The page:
My research in Kenya provides disturbing evidence of how foreign NGOs (non-governmental organisations) leverage their financial strength and access to the establishment to insert their single issue agendas into national policy formulation processes.
The foreign NGOs first set up a façade of local NGOs, CSOs (civil society organisations) and other seemingly authentic grass roots organisations which, by lending a semblance of legitimacy to their policy agendas, can become deeply embedded within both the body politic and the body civic. This in turn allows the policy formulation process to be hijacked by denying political access to those with dissenting or alternative viewpoints and manipulating access to the media.
In Kenya, this kind of malfeasance has led to new legislation and policies that are not in the best interests of either the country or her citizens. The Wildlife (Conservation and Management) Bill (2009), for example, panders solely to the agenda of the international animal welfare lobby while ignoring the very real conservation issues facing Kenya.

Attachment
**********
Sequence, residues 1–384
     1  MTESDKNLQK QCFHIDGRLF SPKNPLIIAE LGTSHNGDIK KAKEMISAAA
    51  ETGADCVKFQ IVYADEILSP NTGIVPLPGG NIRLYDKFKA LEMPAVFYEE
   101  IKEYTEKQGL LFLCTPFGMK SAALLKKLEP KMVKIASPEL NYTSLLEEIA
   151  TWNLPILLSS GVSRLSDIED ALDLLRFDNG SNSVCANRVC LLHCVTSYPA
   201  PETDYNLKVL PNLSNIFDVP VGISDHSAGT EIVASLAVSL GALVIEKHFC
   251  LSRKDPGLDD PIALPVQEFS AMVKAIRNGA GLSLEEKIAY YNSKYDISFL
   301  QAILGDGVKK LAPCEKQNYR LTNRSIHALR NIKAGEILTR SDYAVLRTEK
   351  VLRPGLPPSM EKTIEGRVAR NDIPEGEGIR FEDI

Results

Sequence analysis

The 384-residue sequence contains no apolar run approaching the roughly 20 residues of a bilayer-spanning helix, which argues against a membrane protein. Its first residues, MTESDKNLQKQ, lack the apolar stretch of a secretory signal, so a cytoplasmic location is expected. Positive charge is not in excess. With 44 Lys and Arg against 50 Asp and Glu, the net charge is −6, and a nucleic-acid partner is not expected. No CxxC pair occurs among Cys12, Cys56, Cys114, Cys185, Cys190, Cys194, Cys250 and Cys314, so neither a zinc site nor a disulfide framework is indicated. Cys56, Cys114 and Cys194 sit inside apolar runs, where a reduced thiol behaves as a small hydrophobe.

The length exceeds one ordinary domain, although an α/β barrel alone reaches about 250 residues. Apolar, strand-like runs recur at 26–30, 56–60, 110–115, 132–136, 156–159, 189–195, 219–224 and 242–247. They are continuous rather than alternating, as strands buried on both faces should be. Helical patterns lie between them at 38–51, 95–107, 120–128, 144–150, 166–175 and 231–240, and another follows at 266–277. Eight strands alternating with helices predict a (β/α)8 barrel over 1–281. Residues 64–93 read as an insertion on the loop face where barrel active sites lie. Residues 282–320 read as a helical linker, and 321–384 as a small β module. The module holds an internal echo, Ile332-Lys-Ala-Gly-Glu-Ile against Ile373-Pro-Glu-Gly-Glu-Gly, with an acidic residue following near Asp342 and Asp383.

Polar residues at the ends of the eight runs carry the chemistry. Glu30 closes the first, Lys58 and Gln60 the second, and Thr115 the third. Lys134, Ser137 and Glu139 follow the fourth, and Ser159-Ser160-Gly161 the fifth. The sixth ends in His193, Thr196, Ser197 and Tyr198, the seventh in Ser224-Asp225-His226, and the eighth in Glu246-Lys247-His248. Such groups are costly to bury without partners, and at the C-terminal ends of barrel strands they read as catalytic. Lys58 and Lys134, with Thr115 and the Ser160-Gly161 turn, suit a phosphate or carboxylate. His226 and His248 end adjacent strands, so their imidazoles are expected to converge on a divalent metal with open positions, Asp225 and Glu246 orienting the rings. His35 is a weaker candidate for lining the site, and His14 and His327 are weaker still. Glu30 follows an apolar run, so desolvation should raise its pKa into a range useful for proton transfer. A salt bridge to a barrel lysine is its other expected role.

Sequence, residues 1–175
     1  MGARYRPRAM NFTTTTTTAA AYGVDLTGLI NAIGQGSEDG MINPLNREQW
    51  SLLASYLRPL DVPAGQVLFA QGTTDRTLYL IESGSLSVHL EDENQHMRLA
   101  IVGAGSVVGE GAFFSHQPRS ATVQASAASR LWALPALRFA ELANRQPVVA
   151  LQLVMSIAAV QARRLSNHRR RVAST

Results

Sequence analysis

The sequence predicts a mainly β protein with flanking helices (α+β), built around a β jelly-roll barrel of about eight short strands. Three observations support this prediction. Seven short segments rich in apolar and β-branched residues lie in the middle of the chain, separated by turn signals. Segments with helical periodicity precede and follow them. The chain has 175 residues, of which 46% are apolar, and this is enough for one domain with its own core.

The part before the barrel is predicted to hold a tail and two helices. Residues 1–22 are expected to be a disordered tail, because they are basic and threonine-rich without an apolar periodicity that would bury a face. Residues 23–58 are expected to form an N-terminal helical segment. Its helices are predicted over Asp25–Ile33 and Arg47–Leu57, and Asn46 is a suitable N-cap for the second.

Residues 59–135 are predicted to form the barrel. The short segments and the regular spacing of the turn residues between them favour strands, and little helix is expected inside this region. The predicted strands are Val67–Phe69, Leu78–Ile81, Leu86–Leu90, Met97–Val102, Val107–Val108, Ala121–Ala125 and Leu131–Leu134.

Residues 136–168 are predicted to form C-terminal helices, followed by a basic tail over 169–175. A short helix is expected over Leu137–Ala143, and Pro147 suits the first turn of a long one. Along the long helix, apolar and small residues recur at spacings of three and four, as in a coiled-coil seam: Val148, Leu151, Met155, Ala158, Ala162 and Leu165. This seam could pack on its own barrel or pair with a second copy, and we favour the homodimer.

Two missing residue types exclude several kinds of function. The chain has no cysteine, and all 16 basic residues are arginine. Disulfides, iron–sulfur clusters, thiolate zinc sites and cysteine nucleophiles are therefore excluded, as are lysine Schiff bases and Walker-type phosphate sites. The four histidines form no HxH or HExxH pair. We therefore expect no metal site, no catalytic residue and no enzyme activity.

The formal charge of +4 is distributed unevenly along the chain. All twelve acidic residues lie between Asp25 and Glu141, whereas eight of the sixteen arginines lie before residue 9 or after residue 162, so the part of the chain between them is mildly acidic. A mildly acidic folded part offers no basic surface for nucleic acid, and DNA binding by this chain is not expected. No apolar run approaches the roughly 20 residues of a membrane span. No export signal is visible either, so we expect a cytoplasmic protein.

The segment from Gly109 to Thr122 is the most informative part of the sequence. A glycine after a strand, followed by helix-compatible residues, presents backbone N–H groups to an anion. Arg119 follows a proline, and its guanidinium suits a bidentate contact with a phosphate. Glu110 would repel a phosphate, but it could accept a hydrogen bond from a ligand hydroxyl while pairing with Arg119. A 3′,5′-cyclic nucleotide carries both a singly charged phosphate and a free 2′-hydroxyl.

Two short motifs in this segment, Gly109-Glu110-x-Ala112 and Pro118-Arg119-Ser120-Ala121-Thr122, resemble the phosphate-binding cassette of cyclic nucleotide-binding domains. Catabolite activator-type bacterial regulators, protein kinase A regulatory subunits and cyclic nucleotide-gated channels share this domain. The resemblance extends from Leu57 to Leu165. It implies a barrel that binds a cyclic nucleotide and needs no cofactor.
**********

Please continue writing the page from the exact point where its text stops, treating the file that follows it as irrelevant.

The key issue here concerns representation. Such NGOs wield extraordinary power but fail the most basic test of good governance in that they are neither elected, transparent nor accountable to those whose interests they claim to represent. Such NGOs have no innate right to speak “on behalf of the people”, nor do they have any special rights to impose their minority views.
While governments rely primarily on national legislation to regulate NGOs, there is a growing awareness internationally of the necessity for transparent self-regulation so the sector can contribute positively to social development by being transparent, accountable and ethical in all its activities. But given the worldwide trend for NGOs to evolve from being simple service providers to embracing advocacy and activism, especially in the policy arena, I personally doubt whether such steps will be adequate to address this key issue of representation.